Thursday, December 4, 2008

Six Tips For Maximizing Holiday Enjoyment

With all the holidays that fall at this time of year, I feel a little overwhelmed with plans and activities. Right now, I take things on a day-by-day basis and sometimes a moment-by-moment basis.

I am constantly learning about how to deal with everyday situations and Migraine disease. This month's blog carnival topic at Somebody Heal Me is "Maximizing Your Enjoyment of the Holiday Season." I am going to share with you some tips that I find helpful when trying to enjoy the holidays.

I had an enlightening Thanksgiving holiday. It has been a rough few months for me. I've been Migraining more than I ever have before. Therefore, making concrete plans is quite difficult. 99% of the time I cancel plans. Making holiday plans can be quite a leap of faith.

This year, my husband and I spent Thanksgiving with my side of the family: my parents from out of town, my brother, his wife and my uncle. They all came to my house. To take the load off of myself, I planned to have an easy frozen Italian meal that my husband could execute if a Migraine decided to rear its head that day. I was briefly concerned that my family might be disappointed with a non-traditional Thanksgiving feast. But, I knew they would be equally disappointed with nothing on the table if I couldn't make anything at all!
Sometimes I don't realize that I set expectations for myself that are way too high. On a day-to-day basis, my body, my Migraines, my NDPH, and my anxiety put limitations on me. So, when the often stress-filled holidays arrive, I need to give myself even more leniency. So, I made a plan on which I could follow through.

Holiday Tip #1: Make it easy on yourself. Be Flexible. Only plan for what you think you can reasonably do.

Upon hearing of my Thanksgiving meal plans, my parents graciously offered to make a simple and easy traditional Thanksgiving meal. I made sure they understood that I would not be able to help out, especially if I was having a pain-filled day. This brings me to my Holiday Tips #2 and #3.

Holiday Tip #2:
Let others help you out, especially when they offer it. :)

Holiday Tip #3:
Keep good communication lines open with those who you will be interacting with during the holidays.

When I get together with family members and friends, I have found it extremely helpful to let everyone know what limitations I have. Often I tell my family/friends what they might expect from me. I let them know, in advance, that if I have a Migraine or an elevated NDPH, I may or may not be able to participate in activities as planned. I am honest about the fact that I may need frequent breaks. By doing this, when I come upon a situation where I need to leave early, or go to a back room for a break, others already understand why. If I am going to someone else's house and find myself in a situation where it is necessary for me to retreat to a quiet bedroom because of a Migraine, I feel comfortable doing so.

Holiday Tip #4: Enjoy the moment.

This is a very simple one, but a tip I am still trying to master. My parents arrived on Tuesday before Thanksgiving. Tuesday and Wednesday, I had a low-grade NDPH, but I was able to enjoy my parents' company and conversation. A Migraine was not interfereing and it was lovely. As I was sitting on the floor, playing with the dogs and laughing with my mom, I realized how wonderful it was. I wasn't alone. I was enjoying myself. I had people to talk to and to listen to. It was great.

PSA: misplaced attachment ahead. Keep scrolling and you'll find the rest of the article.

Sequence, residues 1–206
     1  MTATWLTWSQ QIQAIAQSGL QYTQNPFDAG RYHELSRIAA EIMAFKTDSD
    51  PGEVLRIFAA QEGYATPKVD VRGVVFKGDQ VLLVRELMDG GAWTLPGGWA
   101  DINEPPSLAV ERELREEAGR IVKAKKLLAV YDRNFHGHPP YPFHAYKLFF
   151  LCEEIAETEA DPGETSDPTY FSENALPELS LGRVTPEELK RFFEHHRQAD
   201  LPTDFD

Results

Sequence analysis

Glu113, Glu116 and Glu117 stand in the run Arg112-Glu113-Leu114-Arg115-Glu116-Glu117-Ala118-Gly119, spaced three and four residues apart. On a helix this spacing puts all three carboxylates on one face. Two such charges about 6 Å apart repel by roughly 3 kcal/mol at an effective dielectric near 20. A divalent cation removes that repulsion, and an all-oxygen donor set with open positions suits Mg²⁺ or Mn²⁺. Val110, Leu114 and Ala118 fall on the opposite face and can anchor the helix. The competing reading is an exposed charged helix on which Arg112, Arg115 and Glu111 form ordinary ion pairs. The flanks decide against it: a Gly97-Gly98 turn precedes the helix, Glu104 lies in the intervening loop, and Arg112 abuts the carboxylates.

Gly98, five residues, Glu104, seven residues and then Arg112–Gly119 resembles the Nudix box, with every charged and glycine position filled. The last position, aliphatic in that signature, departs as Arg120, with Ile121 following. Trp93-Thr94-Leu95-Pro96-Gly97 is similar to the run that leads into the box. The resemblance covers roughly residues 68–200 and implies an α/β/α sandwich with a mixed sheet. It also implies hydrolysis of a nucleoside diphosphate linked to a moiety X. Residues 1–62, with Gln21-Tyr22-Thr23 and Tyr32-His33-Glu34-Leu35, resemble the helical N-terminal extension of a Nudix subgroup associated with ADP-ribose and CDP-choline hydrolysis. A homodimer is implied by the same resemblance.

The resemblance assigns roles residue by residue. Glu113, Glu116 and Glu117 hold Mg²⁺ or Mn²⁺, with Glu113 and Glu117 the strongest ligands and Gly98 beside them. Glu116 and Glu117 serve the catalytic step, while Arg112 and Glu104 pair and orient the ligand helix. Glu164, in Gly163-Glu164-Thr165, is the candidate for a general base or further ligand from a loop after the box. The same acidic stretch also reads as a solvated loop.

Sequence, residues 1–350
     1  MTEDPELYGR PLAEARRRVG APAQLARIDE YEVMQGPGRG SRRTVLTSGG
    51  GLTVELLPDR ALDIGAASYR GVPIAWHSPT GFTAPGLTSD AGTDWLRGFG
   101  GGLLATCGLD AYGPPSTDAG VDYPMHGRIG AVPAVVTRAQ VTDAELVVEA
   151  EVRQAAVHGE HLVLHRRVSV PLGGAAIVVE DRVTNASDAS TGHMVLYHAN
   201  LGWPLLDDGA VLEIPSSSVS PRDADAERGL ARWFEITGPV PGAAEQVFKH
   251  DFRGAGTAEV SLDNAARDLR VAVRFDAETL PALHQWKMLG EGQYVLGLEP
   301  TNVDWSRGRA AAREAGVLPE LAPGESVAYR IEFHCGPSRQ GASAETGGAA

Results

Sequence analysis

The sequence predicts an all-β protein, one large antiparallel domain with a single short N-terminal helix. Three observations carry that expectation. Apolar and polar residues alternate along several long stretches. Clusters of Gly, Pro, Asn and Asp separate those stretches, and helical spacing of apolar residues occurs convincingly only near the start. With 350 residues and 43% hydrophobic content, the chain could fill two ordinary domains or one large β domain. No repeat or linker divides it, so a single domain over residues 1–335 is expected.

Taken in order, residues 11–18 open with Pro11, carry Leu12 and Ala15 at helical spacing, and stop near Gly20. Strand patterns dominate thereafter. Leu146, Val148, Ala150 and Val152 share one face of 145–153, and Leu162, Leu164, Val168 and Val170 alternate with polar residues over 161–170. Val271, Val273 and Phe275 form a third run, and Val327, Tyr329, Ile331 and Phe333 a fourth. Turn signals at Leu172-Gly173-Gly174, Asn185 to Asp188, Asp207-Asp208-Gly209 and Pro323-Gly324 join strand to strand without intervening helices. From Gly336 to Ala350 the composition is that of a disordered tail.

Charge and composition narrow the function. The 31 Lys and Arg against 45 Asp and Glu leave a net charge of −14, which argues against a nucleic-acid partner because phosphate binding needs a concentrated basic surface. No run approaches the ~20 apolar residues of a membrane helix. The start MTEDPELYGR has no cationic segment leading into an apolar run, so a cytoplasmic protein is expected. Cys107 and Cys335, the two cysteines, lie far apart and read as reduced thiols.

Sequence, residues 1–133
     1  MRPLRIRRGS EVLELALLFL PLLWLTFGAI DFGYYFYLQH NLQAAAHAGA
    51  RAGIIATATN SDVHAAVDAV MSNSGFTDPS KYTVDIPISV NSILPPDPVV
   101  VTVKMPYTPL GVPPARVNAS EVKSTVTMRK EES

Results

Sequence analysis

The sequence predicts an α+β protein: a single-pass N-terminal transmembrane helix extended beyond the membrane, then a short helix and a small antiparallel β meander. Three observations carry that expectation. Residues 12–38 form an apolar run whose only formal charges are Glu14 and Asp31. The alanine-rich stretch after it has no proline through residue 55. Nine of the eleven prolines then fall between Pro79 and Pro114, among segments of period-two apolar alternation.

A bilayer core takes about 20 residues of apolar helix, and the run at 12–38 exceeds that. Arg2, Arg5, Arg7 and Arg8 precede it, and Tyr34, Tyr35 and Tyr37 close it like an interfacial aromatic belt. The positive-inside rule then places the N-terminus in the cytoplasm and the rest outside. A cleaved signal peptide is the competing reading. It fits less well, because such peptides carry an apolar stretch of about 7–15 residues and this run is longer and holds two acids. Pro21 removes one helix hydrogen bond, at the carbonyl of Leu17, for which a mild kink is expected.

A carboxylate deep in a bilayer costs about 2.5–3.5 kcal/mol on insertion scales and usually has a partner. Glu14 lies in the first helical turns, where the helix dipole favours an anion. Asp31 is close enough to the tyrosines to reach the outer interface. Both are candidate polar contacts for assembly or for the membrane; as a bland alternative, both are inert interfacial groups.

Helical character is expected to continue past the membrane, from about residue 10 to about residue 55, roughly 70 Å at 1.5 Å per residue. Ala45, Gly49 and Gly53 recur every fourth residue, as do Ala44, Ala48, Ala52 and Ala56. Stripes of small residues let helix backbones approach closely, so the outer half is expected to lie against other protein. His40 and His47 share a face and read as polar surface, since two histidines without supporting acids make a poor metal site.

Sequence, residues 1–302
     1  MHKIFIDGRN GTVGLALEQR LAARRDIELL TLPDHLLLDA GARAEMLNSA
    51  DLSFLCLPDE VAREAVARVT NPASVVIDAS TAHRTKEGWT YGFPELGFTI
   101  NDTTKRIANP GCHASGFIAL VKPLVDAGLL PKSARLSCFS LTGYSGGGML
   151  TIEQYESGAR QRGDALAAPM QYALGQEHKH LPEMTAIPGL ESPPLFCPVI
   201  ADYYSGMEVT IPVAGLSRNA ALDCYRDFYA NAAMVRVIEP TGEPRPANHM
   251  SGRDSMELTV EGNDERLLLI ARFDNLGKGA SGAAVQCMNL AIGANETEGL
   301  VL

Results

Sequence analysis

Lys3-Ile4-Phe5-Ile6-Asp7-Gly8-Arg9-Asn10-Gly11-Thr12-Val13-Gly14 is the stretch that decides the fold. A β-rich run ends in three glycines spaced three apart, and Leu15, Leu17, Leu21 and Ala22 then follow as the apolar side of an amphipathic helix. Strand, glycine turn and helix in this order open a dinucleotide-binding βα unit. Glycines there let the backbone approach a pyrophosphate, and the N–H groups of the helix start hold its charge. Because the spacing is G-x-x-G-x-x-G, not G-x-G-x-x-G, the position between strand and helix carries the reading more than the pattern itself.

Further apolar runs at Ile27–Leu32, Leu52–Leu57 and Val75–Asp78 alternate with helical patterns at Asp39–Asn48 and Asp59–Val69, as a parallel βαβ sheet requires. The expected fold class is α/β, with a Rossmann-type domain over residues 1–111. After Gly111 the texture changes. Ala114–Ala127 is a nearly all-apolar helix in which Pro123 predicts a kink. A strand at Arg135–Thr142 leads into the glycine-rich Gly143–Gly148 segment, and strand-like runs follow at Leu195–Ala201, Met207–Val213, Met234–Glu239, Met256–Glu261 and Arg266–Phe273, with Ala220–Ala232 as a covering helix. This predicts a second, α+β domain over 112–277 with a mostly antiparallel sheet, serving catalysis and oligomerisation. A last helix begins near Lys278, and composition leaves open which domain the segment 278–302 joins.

Thanksgiving Day arrived and so did menstrually related Migraines and severe cramps. I attempted joining my parents to watch the Macy's Thanksgiving Day Parade (one of my favorite family traditions). But I had to make a hasty retreat to my bedroom for darkness and quiet as all the symptoms of a Migraine settled in. I ended up spending the whole day in bed away from all of our guests. I ate my mom's beautifully cooked meal in bed and spent most of the day in a medication/pain haze. I did venture out to watch part of a movie with family, but soon retreated to my quiet cave.

Although, this was not the Thanksgiving day I envisioned or hoped for, having my family together at my house brought me so much joy. I could hear their muffled laughter and pleasant conversation. I could hear them cheering or groaning while playing a board game. In the past, I had the reaction of being jealous that I was not present. But, this time, I was so happy that they were even there. I usually spend my days alone. And to have a house full of family was a huge blessing.

Holiday Tip #6: If the holidays do not go as you'd hoped or planned, try to find something to be glad about.

Best wishes this holiday season for finding enjoyment despite Migraine disease.


  1. Kelly,
    Thank you for the post. I, too, struggle with enjoying the moment. Thanks for the reminder. Also, thanks for the tip on communicating my limitations to friends and family. I find this especially difficult because I still want to do it all.


  2. Thank you for these tips! I really needed some advice for getting through the holidays!

  3. Aaaahh, enjoy the moment. Personally, that's the most important thing for me to remember. Once gone, you can't get those moments back.

    Happy New Year Kelly!!

    visit me at my WEGO Health Migraine blog

  4. Happy New Year! What is most helpful for me about enjoying the moment is that I have memories of those moments. If I am actively enjoying them, then I can retrieve them and live off their fuel when I am feeling bad.